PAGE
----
The Terminology Problem
There isn’t explicit agreement on terms like “referrals” or “networking,” or even “sales,” “business development,” or “marketing.” Part of the problem is that firm principals often gloss over a combination of strategies that contribute to the results.
For instance, they say their lead generation strategy is “to network,” but what they’re doing is maintaining a LinkedIn network, making introductions to partners in the industry, sending out a weekly email newsletter to clients and partners, and attending local events regularly. These tactics can get buried in vague or unclear terminology, making it hard to understand what’s working in the marketplace.
The Revenue Rollercoaster
Most principals at small firms play the role of lead consultant and head of business development. Maybe you can relate. This combination of roles creates an inverse relationship between marketing and client workload: you market to get projects, but when you get projects, you stop marketing, creating a dip in marketing output and drying up your pipeline. The cycle continues indefinitely until firm owners consistently market and give up aspects of delivery to their teams.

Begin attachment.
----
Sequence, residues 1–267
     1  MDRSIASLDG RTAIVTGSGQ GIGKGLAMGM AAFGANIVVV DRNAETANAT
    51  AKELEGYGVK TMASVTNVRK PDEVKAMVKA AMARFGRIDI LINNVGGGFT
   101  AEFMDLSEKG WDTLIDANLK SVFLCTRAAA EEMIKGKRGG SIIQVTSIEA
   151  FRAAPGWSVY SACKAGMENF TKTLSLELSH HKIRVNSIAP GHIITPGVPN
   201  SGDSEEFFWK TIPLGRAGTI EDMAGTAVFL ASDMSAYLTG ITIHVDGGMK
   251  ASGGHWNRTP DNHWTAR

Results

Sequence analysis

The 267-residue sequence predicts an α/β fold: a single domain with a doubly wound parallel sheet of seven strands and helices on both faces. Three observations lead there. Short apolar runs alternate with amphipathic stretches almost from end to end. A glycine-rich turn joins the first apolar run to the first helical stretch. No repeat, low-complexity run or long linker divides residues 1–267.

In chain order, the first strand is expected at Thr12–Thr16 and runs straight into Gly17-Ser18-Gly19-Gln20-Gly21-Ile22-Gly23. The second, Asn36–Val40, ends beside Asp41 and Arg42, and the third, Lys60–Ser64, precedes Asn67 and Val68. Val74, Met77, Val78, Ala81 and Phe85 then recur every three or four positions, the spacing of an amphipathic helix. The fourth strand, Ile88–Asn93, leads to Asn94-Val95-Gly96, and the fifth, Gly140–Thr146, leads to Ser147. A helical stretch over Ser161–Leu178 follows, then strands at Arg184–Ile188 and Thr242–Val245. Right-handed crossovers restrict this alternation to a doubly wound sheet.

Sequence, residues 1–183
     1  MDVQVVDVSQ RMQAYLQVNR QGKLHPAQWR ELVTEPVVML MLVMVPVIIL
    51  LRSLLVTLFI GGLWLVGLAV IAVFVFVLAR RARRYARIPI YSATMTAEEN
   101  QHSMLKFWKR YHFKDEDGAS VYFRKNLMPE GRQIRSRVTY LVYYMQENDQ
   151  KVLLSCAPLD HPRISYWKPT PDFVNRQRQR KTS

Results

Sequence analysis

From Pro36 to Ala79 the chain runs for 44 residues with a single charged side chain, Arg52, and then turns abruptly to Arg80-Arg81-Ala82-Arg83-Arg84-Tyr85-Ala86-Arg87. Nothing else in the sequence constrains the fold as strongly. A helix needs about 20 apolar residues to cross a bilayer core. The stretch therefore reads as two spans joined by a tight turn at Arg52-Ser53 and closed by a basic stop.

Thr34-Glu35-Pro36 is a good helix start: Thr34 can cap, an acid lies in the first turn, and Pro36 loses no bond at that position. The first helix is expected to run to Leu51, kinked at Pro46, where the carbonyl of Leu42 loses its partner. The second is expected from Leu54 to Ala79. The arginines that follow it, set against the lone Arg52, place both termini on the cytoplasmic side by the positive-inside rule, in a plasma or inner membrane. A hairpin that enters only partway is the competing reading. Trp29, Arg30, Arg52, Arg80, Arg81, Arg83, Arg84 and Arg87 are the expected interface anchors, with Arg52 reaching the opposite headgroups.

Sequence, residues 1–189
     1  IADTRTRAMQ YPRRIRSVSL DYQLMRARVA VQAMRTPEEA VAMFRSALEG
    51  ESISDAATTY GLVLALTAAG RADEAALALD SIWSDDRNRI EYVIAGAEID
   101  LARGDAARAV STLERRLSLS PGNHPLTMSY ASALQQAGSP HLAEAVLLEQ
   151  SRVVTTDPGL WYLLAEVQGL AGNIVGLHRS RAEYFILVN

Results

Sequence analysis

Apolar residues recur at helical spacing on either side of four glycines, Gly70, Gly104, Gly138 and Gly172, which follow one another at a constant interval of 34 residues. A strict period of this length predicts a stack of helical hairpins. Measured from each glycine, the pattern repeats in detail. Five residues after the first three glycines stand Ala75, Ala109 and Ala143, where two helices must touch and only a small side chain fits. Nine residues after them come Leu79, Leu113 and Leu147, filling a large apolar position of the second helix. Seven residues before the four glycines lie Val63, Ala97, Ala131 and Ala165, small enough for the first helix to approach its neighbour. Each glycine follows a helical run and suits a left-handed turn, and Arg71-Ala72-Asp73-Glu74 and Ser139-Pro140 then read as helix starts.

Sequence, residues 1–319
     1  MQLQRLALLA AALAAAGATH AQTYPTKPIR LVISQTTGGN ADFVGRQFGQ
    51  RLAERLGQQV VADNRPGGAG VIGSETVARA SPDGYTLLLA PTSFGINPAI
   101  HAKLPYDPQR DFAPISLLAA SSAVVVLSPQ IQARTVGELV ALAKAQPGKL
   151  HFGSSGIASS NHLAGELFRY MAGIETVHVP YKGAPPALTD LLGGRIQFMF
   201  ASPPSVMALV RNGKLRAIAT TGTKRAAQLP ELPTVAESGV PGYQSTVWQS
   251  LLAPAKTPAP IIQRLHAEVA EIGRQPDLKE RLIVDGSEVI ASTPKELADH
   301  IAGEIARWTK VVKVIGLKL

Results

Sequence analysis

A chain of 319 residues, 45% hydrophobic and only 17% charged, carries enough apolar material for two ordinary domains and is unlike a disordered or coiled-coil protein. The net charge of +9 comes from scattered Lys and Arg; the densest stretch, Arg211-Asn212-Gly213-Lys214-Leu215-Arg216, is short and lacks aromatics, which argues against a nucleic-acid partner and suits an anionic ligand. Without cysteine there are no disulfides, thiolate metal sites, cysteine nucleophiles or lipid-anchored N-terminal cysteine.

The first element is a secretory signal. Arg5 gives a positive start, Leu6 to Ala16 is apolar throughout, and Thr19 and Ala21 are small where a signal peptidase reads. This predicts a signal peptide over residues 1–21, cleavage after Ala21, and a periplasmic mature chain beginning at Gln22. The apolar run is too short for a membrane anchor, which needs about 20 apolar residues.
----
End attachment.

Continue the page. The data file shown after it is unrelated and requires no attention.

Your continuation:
The Sales Cycle Problem
Sales cycles are often long and unwieldy for firms. If your sales cycle is greater than 3 months, you may find it difficult to nurture your lead pipeline because other things distract you regularly. Tom discovered that over half of firms have sales cycles that are 6 or more months and lack cash flow, so they focus disproportionately on short-term outcomes when instead they’d be better off with a stronger sales pipeline nurturing program.
The Selling Ideas Problem
“So what is it that you’re doing to do exactly?”